• A big sheet of paper or whiteboard
  • 1½ to 2 hours of dedicated time

Step-by-step

  1. Set the stage. Before you start, work with the group to explain the process and ensure everyone is aligned with the why’s and how’s of the session.
  2. Fill each of the nine sections one-by-one by putting your notes on it. Start with the customer section on the right of the canvas, followed by value proposition, infrastructure, and finance. Try to map the most important aspects first and describe your criteria clearly so that the document is easy to interpret by someone seeing it for the first time.
  3. Each value proposition needs a customer segment and a revenue stream. If you have multiple customer segments, use a different color of Post-It notes for each. Colored Post-Its will help you see the value proposition and revenue stream for each segment better.
  4. Current state vs. new business. Are you mapping an existing business or its future state? Make sure you don’t mix the two—this is an easy trap to fall into. Mapping both current and future will allow you to identify any gaps. Put your best guess about customers, markets, infrastructure, etc. Assumptions are OK at this stage and can be replaced later as you gather data.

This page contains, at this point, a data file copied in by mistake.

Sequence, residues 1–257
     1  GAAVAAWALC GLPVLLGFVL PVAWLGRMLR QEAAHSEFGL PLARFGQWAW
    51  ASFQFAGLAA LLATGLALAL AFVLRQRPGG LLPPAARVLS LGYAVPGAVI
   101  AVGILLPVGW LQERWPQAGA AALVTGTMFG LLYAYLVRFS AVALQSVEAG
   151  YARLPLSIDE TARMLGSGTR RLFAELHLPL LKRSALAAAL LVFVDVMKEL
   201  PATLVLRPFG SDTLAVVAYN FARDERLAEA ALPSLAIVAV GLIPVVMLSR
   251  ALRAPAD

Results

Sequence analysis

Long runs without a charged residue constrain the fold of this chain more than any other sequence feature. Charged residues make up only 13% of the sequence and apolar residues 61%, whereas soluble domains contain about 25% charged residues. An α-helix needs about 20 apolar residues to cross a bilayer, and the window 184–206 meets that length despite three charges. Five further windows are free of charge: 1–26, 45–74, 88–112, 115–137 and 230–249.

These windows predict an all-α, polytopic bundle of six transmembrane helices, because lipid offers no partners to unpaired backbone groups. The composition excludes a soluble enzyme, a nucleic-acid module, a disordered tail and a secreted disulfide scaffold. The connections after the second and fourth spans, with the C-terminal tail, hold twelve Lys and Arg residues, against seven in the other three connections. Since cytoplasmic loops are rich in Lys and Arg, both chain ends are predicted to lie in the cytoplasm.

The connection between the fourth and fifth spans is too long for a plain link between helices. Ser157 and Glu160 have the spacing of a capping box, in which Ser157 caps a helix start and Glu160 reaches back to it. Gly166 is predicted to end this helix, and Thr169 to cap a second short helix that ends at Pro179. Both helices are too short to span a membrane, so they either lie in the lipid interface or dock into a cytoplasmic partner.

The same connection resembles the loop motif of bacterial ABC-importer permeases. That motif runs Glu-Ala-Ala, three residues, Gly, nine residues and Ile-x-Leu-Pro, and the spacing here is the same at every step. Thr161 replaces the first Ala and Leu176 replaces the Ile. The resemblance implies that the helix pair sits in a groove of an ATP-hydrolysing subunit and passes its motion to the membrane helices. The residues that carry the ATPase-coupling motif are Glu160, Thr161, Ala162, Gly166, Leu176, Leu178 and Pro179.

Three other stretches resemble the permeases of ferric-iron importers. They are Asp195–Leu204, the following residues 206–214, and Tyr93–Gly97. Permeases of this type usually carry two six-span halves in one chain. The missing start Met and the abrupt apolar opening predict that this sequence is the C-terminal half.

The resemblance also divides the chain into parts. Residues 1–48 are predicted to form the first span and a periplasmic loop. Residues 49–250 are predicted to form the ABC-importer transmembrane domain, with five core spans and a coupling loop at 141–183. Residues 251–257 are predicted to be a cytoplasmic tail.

5. Compare business models to find the best via a customer segment or pricing model. You can have discussions within the team about the pros and cons of each.
  6. Test it. Some elements of the canvas are easier to test than others, such as channel, revenue model, customer segment. For example, you can run A/B testing to test customer segments and the revenue model. Test what you can to generate early insights about the viability of your business model.

The business model canvas is one of the many tools Windmill uses as part of our  digital product strategy services. With our help, you can accelerate your start-up’s growth strategy with confidence. Together we can rationalize objectives and create exciting web and mobile app concepts. 

For further reading on Business Model Canvas framework, we recommend Business Model Generation by Alexander Osterwalder.